Artificial Intelligence 2019 – The year of data

The era of big data with a simultaneous increase in computing power in recent years has propelled us to faster and greater analysis through Artificial Intelligence (AI). The year 2019 will see this trend continue especially given the expansion of data collection through streams such as IoT.

There are four trends which shed a light on the current BBC forecast of “the year of data”, namely, data storytelling, AI development, cloud computing and hardware trends. We also saw the start in 2018 of a potential change in the use of mobile computing for AI. Continue reading

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CES is Back and Stirring Up More Excitement in the Smart Home Space

It’s CES time again. The world’s biggest consumer electronics show will this week welcome an estimated 180,000 visitors, with over 4,400 exhibitors filling nearly three million square feet around Las Vegas with the latest innovations. Turning 52 this year, the event is showing no signs of slowing down in its middle age. Rather, it continues to be one of the biggest events in the tech calendar and a useful place for crystal ball-gazers to gauge where the industry is headed.

This year smart devices once again dominated, especially home systems integrating AI-power voice assistants and apps. From the quirky to the more traditional and everything in between, here’s a round-up of some of the highlights.

Smart home

A sign of the smart home’s growing position at the mainstream of the consumer technology space is the sheer range of gadgets on offer at CES. Many of these, like the Currant smart wall outlet, the C by GE smart lighting range and Onelink Bell smart doorbell integrate voice assistant tech from the key players like Google and Amazon. Some include robotic technology, such as the Temi personal butler which now has Alexa support, and the FoldiMate laundry folding machine.

Smart toilets come this year in a surprisingly large number of varieties, including Kohler’s Numi 2.0 Intelligent Toilet featuring Alexa integration. Their pet equivalents were also in attendance, courtesy of Inubox (dogs) and LavvieBot (cats). In fact, the pet theme continued to CES innovation award winner Mookkie, a device which uses AI to identify individual animals in order to dispense food intelligently.

IoT everywhere

The Internet of Things (IoT) is all pervasive at this year’s CES. If not manifest in smart home devices, it can be found in wearables like smart nappy monitors which detect when the wearer needs changing, and smart belts which track the user’s waistline, gait and walking speed. An AI-powered wearable camera captures contact details and promises the wearer will “never forget a face again”, while the Urgonight headband claims to help train the brain to sleep better.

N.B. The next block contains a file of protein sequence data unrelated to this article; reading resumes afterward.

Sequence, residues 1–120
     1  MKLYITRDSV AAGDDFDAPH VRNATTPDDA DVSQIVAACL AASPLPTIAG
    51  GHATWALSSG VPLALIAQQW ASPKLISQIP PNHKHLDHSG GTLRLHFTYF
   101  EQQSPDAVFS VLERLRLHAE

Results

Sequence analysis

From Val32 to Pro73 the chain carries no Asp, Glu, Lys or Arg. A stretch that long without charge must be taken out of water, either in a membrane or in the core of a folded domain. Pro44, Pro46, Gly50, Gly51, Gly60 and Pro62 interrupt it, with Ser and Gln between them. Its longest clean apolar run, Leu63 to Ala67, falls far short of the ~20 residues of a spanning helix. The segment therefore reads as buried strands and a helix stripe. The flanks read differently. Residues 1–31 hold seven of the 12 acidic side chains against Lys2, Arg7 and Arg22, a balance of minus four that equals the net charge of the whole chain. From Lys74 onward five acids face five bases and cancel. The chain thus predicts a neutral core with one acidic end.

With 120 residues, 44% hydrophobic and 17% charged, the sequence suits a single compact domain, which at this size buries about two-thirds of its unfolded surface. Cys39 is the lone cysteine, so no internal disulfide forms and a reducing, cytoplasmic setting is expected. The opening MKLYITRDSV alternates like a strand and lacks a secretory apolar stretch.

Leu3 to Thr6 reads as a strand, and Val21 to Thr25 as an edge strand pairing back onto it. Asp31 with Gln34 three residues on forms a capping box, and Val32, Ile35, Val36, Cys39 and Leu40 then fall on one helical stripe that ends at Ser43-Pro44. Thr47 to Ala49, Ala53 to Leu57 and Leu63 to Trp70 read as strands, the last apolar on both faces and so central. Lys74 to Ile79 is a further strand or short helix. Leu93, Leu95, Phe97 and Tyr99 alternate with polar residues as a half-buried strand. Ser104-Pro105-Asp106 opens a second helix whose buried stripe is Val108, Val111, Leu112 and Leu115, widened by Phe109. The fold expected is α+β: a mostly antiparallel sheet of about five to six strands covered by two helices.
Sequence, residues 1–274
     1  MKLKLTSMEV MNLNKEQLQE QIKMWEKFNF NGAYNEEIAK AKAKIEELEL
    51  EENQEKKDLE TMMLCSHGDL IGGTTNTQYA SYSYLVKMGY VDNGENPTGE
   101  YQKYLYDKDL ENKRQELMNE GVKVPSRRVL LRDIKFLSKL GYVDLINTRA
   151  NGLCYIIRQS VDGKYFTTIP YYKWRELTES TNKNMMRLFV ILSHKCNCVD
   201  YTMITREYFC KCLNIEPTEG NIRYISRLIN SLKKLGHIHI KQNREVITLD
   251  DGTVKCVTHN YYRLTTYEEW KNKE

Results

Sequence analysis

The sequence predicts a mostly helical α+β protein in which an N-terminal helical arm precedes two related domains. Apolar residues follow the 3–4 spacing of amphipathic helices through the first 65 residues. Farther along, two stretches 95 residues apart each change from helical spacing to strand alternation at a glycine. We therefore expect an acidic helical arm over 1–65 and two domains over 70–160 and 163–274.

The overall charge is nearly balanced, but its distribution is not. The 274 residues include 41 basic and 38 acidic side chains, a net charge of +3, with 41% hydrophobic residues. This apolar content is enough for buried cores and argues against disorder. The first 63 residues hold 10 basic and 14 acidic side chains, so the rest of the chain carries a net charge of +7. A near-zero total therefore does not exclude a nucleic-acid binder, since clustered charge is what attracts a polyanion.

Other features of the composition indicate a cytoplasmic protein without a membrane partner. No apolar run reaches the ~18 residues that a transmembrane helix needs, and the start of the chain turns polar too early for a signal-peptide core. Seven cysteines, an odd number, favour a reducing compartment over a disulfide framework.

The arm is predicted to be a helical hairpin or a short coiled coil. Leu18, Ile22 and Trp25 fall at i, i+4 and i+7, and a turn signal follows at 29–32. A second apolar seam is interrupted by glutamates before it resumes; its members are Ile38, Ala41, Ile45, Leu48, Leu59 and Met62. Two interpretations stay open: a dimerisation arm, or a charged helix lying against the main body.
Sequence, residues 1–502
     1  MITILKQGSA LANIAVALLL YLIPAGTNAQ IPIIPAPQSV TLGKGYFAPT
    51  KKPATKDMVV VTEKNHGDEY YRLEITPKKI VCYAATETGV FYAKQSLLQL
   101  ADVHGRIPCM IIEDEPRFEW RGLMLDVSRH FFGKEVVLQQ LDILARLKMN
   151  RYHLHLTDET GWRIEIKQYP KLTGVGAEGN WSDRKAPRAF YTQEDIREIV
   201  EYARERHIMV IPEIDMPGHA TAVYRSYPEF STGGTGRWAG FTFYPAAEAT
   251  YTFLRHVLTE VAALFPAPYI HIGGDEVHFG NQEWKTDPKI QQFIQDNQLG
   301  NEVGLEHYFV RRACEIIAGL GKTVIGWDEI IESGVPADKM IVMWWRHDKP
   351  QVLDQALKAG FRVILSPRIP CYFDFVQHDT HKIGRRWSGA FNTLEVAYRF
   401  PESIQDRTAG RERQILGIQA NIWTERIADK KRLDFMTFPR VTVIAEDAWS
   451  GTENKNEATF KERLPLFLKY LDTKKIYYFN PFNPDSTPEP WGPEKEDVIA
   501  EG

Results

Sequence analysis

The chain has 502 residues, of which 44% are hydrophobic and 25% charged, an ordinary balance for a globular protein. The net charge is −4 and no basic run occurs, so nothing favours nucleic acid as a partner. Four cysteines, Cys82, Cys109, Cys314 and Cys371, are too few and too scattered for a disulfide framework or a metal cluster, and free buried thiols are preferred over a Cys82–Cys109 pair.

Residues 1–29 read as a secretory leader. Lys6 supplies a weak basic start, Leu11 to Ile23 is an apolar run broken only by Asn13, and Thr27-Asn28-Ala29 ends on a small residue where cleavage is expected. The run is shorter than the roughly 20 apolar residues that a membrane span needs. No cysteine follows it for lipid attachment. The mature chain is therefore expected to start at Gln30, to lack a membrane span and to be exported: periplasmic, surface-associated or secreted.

Connected cars have also made major impact again this year, notably the electric M-Byte from Chinese startup Byton. Not to be outdone, Mercedes showed off its 2020 Mercedes-Benz CLA-Class, Nissan debuted its Leaf e+ vehicle, Honda showcased its DreamDrive infotainment system and Qualcomm its AI-powered car “cockpit” platform.

A new spin

Although the smart home and IoT gadgets have garnered a great deal of attention on day one of the show, there were other notable appearances highlighting continued innovation in the consumer tech space. These included bendable smartphone the Royale FlexPai, which seems to have beaten Samsung to the punch in launching first.

Other new takes on established technology included a solar-powered smart watch. In the smart TV space, LG’s 8K OLED model has a screen which doubles as a giant speaker, while the same firm’s 65-inch Signature OLED TV R is a slick, rollable model which it is claimed will “liberate users from the limitations of the wall.”

By AS

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Filed under Market Analysis, Smart Home, Smart Technology

3D Printing – a year in review and a look at what’s ahead

2018 was all about the Industrial side of Additive Manufacturing. On the metals side, the industry saw shipments of new, lower priced multi-ASTM process printer technologies like Material Extrusion solutions from Markforged and Desktop Metal. Interest also gathered around forthcoming alternative multi-process metal technologies like the various Binder Jetting solutions from HP (Metal Jet) and Desktop Metal and for Stratasys’ LPM. “Green part” was indeed the phrase-du-jour at many a trade event this year as metal printer vendors explained the steps by which they envision lower priced metal parts being cost effectively mass produced in the not too distant future. Continue reading

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Displays: a glimpse into 2019

Desktop monitor sales are expected to continue growing in 2019, although not as strongly as over this year.